The tiny chapel is also very peaceful. The simple, quiet nature of it made it feel like it was made just for me.
I finally (and a little sadly) descended from Mont Pipet and went back to the Theatre Romain. There was a part of me that felt obliged to go there as it is what Vienne’s really known for, and another part that desperately needed the loo, so I paid the €2 entry fee, which is a fairly big deal for an impoverished traveller like myself.
It ended up being a rather worthwhile experience, in my opinion. Despite the mass of scaffolding, it’s in extremely good shape – much better than the Lyonnaise theatre, but I prefer Lyon’s, perhaps for that very reason – and is a really pleasant spot to sit and think.
I finished up at the lovely public gardens before heading back to Lyon. Vienne is the kind of place I’m going to remember forever.
[Make note: I did a ridiculous amount of getting lost in general, as is the norm with me. I cut out a lot of the confused wandering, and it makes it seem like I’m starting to figure out what I’m doing with this whole travelling thing, so I felt like I should clarify that I’m still as ridiculous as ever.]
Valence and Montélimar
My expeditions out to Valence and Montélimar are particular favourites of mine, because there really isn’t anything to do in either of these places. I just went for the food.
I didn’t spend much time in either village at all – probably only two hours maximum – due to travel time, and yet I feel like I saw all there was to see in both towns. It was an extremely pleasant, relaxing day for me, simply because there wasn’t much on my itinerary at all.
Valence was just a stop over on my way to Montélimar, a tiny town known for its nougat. During the hour-long wait for my train, I decided to take a peek around the town and buy one of Valence’s famous suisses, shaped like a Vatican guard and flavoured with orange rind.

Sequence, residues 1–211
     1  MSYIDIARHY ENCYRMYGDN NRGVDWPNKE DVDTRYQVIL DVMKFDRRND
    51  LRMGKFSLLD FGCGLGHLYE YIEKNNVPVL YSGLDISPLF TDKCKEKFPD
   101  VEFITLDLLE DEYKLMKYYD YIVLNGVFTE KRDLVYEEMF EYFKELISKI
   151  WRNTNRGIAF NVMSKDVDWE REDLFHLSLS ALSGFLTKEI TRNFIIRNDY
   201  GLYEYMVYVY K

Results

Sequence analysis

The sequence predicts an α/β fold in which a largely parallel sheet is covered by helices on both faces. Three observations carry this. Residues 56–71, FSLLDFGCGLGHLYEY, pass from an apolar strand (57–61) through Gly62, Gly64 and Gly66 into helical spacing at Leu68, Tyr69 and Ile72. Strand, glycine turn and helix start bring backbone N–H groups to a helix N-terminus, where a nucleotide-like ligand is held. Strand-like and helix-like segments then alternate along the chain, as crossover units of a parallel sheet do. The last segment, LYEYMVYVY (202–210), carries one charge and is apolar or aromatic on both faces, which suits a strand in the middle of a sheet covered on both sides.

So yummy! Isn’t he cute?
Valence gave me the peculiar feeling that I was standing at the end of the world. If you’re at the train station and look down the street, it appears as though there’s nothing but reddish-white mountains and rugged forestland beyond the end of the road. I hadn’t expected to feel so calm and at peace in a town with so little to see or do. I love that feeling.
At the end of the street, I discovered a beautiful sunken park, which explained my previous feeling of being at the edge of the universe. In truth, the majority of Valence is just positioned high up on a hill.
I was only able to stay for a little while, but I was happy to just sit on the grass and soak up the beauty of the place. When my time was up, I walked back to the station and took the train to Montélimar, the land of nougat.
There’s absolutely nothing to do in the little town, except for go on nougat tours and eat far too much of the delicious confectionary, so I set out in search for a nougat shop that had been recommended in my Lonely Planet guidebook. I couldn’t find it, but I didn’t even care, because I was feeling so stress-free and peaceful. I spent all my time in Montélimar just wandering around and buying big bags of nougat.
It’s severely depleted here, because I just couldn’t help myself. No nougat can compare to artisan Montélimar nougat – it’s soft, sweet, nutty and just amazing. I would be willing to waste a day doing the same journey again just for the nougat.
I headed back to Valence after that, and wandered about the town again while waiting for my train home. The wind had grown really strong – so strong my train had to stop in the middle of nowhere for an hour, but that’s besides the point – so I couldn’t visit the gorgeous garden again. Instead, I hunted around for a church.
Apart from my train being delayed (and causing me to panic as a result), my day in Valence and Montélimar was one of my favourites. I still dream about that nougat.
Featured photo is of one of the many sunflowers at Vienne’s town hall.